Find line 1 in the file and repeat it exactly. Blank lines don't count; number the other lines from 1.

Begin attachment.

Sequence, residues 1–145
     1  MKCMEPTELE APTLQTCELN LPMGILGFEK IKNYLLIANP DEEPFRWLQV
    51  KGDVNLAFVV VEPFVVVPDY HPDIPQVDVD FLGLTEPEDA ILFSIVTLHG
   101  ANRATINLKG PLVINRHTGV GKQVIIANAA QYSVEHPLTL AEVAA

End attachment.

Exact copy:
Sequence, residues 1–145